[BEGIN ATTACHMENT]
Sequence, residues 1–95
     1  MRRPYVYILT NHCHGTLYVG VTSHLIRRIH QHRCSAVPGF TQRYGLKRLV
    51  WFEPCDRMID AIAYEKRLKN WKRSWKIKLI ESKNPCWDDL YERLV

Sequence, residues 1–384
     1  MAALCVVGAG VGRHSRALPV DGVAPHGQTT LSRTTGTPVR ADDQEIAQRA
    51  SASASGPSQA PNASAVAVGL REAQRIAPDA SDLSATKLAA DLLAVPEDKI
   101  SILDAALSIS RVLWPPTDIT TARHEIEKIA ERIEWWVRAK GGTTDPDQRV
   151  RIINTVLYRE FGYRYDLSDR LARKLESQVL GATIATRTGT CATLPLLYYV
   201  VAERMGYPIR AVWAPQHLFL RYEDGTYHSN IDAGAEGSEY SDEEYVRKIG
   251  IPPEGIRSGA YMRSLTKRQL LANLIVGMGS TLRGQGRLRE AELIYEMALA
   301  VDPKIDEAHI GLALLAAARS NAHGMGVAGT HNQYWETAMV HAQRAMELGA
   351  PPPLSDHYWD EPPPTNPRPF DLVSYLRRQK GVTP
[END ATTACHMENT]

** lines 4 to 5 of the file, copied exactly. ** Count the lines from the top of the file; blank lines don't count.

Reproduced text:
Sequence, residues 1–384
     1  MAALCVVGAG VGRHSRALPV DGVAPHGQTT LSRTTGTPVR ADDQEIAQRA